As we know, on New Year's Eve 2007 King Michael issued the Normele Fundamentale ale Familiei Regale a României and created his daughters his Heirs.

Had he not done this, we would have seen the topic of this thread: the headship of a House going to a distant cousin. By the way: neither Karl Friedrich Fürst von Hohenzollern nor his son Alexander Erbprinz von Hohenzollern have shown interest in their Romanian "claim".
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Old 10-30-2021, 06:50 AM
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LINE OF KIRA
17. Prince Christian-Sigismund of Prussia (first cousin to head; 4th son of Kira Kirillovna Romanova - married to Louis Ferdinand, prince of Prussia)
18. Duke Paul-Wladimir Nikolaus Louis-Ferdinand Peter Max Karl-Emich of Oldenburg (nephew to 17; son of princess Marie Cecile of Prussia and Duke Friedrich August of Oldenburg; in unequal marriage - his wife is the granddaughter of Karl, 8th Prince of Löwenstein-Wertheim-Rosenberg)
19. Duchess Rixa Marie-Alix Kira Altburg of Oldenburg (sister of 18; in unequal marriage)
20. Duchess Bibiane Marie Alexandra Gertrud of Oldenburg (sister of 18; in unequal marriage)



What about Prince Georg Friedrich and his sons?
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Old 10-30-2021, 07:05 AM
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What about Prince Georg Friedrich and his sons?
That's what I was thinking as well. If the reason behind their exclusion is that they're heads of the House of Prussia one should remember that up until the death of Grand Duke Vladimir the claimant to the throne of Russia was also the Head of the House of Holstein-Gottorp proving that you can be the head of two houses at once.
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Old 10-30-2021, 07:33 AM
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I guess that's the advantage of becoming the Head of the House yourself.

Trying to get a better understanding of the line of succession (I checked the marriages but not whether they are Russian Orthodox as apparently that can be arranged if needed).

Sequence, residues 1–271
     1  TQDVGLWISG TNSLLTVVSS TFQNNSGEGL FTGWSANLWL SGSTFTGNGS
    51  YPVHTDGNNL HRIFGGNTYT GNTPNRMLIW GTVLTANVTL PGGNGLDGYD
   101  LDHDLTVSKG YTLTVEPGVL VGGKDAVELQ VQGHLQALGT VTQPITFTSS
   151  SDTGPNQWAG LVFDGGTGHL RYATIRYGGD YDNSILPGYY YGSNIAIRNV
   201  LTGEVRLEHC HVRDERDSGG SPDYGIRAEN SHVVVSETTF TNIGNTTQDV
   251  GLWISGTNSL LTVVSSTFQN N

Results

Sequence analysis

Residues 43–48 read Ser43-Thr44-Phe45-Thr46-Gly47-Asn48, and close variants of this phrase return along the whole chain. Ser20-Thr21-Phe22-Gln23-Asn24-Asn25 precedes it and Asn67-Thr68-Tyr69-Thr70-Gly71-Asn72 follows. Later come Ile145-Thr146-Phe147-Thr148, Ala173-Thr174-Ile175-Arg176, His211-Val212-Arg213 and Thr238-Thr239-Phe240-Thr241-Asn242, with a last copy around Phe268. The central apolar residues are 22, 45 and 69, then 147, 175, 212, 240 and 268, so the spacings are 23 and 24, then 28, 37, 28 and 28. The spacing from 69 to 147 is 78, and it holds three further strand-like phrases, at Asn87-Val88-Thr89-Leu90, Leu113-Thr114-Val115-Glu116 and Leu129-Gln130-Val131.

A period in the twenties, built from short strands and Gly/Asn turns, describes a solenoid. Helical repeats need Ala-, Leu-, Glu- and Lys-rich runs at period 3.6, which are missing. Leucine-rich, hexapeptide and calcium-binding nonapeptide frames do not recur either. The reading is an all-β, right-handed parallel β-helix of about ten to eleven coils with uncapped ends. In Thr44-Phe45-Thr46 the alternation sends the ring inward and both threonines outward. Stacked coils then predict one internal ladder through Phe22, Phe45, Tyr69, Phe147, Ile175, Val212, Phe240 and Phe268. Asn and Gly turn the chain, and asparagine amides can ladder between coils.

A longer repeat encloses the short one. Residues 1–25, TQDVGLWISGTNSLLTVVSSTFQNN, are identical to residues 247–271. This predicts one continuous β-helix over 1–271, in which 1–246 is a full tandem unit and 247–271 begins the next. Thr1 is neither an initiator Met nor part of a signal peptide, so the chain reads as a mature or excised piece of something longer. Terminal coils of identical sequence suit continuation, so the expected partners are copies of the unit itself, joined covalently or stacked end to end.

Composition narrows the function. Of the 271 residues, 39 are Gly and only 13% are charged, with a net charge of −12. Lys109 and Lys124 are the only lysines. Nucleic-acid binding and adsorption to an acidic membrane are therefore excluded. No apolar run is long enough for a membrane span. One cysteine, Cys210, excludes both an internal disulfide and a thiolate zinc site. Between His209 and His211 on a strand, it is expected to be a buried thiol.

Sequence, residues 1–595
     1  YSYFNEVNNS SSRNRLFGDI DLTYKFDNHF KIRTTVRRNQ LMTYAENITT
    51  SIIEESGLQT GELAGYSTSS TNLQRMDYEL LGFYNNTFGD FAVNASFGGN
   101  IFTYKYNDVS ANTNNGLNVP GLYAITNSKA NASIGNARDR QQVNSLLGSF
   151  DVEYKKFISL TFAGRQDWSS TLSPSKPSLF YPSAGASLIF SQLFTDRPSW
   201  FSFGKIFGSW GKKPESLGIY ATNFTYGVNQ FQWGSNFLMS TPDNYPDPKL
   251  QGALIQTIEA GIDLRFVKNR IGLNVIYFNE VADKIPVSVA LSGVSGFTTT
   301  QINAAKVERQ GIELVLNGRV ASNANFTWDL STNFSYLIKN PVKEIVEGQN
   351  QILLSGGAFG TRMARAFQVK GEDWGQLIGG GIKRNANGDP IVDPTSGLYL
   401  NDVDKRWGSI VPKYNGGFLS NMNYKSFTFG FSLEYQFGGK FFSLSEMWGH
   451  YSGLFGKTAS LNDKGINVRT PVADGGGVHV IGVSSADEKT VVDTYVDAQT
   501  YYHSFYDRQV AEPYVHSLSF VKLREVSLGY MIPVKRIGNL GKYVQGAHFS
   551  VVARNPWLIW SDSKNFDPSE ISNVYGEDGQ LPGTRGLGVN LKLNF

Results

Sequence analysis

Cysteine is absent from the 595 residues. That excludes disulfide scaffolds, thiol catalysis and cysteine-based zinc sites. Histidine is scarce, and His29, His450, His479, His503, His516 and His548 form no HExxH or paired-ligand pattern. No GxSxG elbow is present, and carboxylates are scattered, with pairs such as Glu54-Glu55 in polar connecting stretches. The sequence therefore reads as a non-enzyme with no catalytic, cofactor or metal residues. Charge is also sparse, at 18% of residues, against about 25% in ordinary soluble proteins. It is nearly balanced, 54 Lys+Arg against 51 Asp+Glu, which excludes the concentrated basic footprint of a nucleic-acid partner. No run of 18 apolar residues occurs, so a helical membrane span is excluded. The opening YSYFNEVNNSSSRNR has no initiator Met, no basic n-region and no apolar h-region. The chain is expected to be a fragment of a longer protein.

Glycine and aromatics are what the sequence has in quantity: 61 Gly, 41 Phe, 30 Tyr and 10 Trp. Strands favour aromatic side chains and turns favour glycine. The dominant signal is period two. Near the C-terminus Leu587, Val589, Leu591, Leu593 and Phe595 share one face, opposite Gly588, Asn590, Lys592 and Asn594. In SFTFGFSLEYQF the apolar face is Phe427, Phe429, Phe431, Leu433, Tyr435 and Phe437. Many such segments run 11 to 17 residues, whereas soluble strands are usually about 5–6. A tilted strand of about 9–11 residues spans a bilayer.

LINE of VLADIMIR
1. Grand Duke George Mikhailovich Romanov (son of Head)

LINE of MARIA
2. Prince Karl Emich of Leiningen (first cousin once removed of Head; son of Emich Kyrill - married to Duchess Eilika of Oldenburg, himself the eldest son of Maria Kyrillovna Romanova - married to Prince Friedrich Karl zu Leiningen)
3. Princess Cécilia of Leiningen (eldest daughter of 2 by his first wife princess Margarita of Hohenlohe-Öhringen)
Note: I assume his other 2 children don't meet the requirements because their mother is either untitled or a countess)
4. Prince Andreas of Leiningen (brother of 2)
5. Ferdinand, Hereditary Prince of Leiningen (son of 4 by princess Alexandra of Hanover)
6. Princess Alexandra Ehrengard of Leiningen (daughter of 5 by princess Viktoria Luise of Prussia
7. Prince Hermann of Leiningen (younger son of 4; however, in unequal marriage, so his children won't be included - using the same logic as George remaining a heir)
8. Princess Olga of Leiningen (daughter of 4)
[I]9. Princess Melita of Leiningen (sister of 2; however, in unequal marriage)
10. Prince Boris of Leiningen (first cousin once removed of Head; son of prince Karl of Leiningen & princess Marie Louise of Bulgaria; himself the second son of Maria Kyrillovna Romanova - married to Prince Friedrich Karl zu Leiningen; in unequal marriage)
11. Prince Hermann of Leiningen (younger brother of 10; also in unequal marriage)
12. Prince Karl Vladimir Cyril Andrej of Yugoslavia (first cousin once removed of Head; son of princess Kira Melita of Leiningen & prince Andrej of Yugoslavia; herself the eldest daughter of Maria Kyrillovna Romanova - married to Prince Friedrich Karl zu Leiningen; in unequal marriage)
13. Prince Dimitri Ivan Mihailo of Yugoslavia (younger brother of 12)
14. Karl Friedrich, prince of Hohenzollern (first cousin once removed of Head; son of princess Margarita of Leiningen and Friedrich Wilhelm, (hereditary) prince of Hohenzollern; herself the second daughter of Maria Kyrillovna Romanova - married to Prince Friedrich Karl zu Leiningen; married to countess).
15. Prince Albrecht Johannes of Hohenzollern (younger brother of 14; in unequal marriage)
16. Prince Ferdinand of Hohenzollern (youngest brother of 14; married to countess)


LINE OF KIRA
17. Prince Christian-Sigismund of Prussia (first cousin to head; 4th son of Kira Kirillovna Romanova - married to Louis Ferdinand, prince of Prussia)
18. Duke Paul-Wladimir Nikolaus Louis-Ferdinand Peter Max Karl-Emich of Oldenburg (nephew to 17; son of princess Marie Cecile of Prussia and Duke Friedrich August of Oldenburg; in unequal marriage - his wife is the granddaughter of Karl, 8th Prince of Löwenstein-Wertheim-Rosenberg)
19. Duchess Rixa Marie-Alix Kira Altburg of Oldenburg (sister of 18; in unequal marriage)
20. Duchess Bibiane Marie Alexandra Gertrud of Oldenburg (sister of 18; in unequal marriage)
I believe the Russian succession is primogeniture with the younger son having preference over an elder sister. That means Cecilie zu Leiningen comes after her younger brother Emich. But indeed: is Emich's mother, a Gräfin von und zu Egloffstein, an acceptable partner?

I can see why Maria is so adamant on equality. After all, when Rebecca is acceptable, she has no hold against the more senior line of Roman Petrovich which married blue bloods:

Tsar Nicholas I x Princess Charlotte of Prussia
|
Peter Nicholaevich Romanov x Princess Milica Petrović-Njegoš of Montenegro
|
Roman Petrovich Romanov x Countess Praskiova Dmitrievna Sheremeteva
|
Nicholas Romanovich Romanov x Countess Sveva della Gherardesca
|
Their issue all married Italian non-blue-bloods. If the Italian non-blue-blooded Rebecca is acceptable, why then not the Italian non-blue-blooded spouses to the daughters of Nicholas Romanovich Romanov and Sveva della Gherardesca?